There are so many different ways children play. Some of these depend on the age of the child, what’s available, and, of course, individual interests. In this post, a 15 month old girl has maybe heard the story, Puss in Boots, many times because she likes to empty a purse in boots. Why do kids do the same thing over and over when they play? Often, for the very same reasons we do things over and over. Practice. Remember, to a child play isn’t just fooling around. It’s very serious work. P really enjoys taking the cards out of a purse or handbag and puts them in her rain boots. Then, she dumps them out and does it all over again.
As P plays in this way, she is linking up a whole series of actions. Her fingers pick up, the whole arm moves, the fingers let go, and the arm returns to the starting place. The brain is creating a pattern and getting into the groove. In, out, in, out, in, out. These opposites are like the rhythm needed for walking and other actions. They are are also part of relationships–your turn, my turn, your turn, my turn.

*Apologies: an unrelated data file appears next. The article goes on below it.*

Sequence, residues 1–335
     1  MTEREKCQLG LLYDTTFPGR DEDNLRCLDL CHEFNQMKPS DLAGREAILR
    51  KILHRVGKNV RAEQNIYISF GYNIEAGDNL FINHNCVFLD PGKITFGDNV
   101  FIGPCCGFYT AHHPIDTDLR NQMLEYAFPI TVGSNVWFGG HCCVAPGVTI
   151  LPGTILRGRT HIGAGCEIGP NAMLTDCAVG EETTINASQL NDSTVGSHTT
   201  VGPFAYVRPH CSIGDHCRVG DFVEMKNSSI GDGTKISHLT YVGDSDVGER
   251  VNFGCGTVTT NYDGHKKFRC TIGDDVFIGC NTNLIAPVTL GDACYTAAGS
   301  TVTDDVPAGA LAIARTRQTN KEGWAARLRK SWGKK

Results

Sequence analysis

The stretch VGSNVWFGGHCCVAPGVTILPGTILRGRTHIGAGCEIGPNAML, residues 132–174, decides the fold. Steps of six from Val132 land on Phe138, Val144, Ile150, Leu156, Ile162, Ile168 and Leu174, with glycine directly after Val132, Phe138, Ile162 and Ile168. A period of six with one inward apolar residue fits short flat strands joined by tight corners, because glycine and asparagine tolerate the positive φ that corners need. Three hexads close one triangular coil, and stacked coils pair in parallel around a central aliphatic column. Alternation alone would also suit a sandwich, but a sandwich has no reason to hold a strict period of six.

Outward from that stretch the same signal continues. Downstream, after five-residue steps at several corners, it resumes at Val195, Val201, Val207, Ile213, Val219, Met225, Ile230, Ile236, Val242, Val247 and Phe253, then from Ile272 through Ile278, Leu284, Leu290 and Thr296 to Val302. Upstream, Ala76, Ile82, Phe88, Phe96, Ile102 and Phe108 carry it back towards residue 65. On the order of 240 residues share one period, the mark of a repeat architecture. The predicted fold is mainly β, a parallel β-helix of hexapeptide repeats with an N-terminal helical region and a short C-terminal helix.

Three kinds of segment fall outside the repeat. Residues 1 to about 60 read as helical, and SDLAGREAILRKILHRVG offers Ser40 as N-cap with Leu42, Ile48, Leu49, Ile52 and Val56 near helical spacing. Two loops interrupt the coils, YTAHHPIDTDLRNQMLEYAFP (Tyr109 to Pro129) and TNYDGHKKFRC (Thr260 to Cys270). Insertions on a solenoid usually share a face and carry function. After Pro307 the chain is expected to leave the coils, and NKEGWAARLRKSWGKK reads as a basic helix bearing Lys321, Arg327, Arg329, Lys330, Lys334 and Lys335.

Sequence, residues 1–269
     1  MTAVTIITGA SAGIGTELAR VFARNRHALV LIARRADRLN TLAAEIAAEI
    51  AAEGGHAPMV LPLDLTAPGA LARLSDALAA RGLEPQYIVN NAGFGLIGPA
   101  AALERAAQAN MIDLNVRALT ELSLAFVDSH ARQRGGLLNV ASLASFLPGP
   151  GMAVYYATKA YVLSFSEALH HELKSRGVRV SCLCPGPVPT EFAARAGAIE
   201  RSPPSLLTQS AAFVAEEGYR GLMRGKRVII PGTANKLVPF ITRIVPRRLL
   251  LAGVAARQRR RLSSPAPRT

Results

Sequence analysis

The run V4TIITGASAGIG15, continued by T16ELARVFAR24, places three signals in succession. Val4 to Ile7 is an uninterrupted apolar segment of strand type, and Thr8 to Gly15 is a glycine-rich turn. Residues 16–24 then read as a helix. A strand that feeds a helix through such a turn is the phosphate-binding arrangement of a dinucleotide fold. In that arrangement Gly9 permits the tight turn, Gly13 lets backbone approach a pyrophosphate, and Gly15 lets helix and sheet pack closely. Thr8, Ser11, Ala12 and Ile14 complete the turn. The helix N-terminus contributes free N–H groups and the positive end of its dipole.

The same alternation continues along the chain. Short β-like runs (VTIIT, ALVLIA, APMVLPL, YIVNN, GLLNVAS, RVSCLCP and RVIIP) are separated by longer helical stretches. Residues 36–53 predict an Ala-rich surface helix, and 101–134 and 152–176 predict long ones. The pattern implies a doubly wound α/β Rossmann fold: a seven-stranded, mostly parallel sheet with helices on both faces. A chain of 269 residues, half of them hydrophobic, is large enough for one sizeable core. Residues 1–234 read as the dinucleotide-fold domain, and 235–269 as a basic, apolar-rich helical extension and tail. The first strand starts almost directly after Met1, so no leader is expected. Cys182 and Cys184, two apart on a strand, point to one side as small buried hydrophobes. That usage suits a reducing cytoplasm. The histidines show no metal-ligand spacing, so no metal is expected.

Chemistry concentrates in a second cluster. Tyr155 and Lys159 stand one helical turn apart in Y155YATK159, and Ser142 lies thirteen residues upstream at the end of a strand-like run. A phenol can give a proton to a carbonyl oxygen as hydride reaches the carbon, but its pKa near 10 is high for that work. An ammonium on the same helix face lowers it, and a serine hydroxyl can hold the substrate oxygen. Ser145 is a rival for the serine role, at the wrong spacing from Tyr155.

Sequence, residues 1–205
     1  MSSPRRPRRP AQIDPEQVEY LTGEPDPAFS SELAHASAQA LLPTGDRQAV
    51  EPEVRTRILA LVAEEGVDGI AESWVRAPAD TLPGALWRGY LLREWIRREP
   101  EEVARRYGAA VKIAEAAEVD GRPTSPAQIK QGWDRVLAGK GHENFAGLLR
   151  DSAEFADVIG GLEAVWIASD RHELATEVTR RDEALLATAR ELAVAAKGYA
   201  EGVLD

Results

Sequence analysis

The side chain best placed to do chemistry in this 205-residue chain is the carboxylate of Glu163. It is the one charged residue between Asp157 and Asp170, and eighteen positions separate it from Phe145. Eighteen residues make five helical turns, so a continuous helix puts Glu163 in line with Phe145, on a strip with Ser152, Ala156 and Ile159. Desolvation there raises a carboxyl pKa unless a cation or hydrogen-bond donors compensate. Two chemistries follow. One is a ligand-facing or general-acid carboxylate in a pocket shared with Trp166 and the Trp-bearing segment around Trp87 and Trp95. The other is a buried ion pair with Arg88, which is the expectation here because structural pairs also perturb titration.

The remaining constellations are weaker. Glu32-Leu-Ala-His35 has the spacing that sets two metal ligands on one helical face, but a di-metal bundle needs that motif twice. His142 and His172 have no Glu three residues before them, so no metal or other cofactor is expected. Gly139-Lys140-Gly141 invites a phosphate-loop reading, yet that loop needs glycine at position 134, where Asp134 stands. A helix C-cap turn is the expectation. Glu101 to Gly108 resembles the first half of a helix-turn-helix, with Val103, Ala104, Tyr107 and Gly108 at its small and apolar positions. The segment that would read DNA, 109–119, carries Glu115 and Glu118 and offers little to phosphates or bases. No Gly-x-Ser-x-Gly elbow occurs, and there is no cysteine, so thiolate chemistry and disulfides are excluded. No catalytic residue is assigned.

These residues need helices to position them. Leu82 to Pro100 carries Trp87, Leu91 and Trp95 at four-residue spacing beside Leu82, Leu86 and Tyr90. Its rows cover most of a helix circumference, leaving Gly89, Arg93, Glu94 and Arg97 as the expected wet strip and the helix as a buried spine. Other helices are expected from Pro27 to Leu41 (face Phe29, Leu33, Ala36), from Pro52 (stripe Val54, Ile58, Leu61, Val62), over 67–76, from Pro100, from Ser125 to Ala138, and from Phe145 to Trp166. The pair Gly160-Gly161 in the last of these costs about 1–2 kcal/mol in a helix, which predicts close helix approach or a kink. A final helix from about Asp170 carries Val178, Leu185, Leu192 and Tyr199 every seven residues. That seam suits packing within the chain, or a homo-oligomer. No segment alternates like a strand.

The brain has quite a challenge, and not just for the moves. Each time, P has to remember where the cards are and how to get them. Her brain has to search for the right sequence for the movements she wants to do with the cards. That’s a lot of links. Somewhere in the background, her brain may notice that the objects she is using do not disappear or change. This is like some things, but not like others. Put an ice cube in a child’s bowl of soup because it’s too hot and it disappears.
The brain will also note the texture and feel of the cards. Later on, P may notice how another object, such as a placemat, may feel slippery like the plastic cards. The cards have different colors and squiggles. When people use these cards, they sort through them to find a particular one to do something. And when the brain notices, the endless why questions start
This is only a very small portion of what’s happening during play. Isn’t it amazing the ways children play?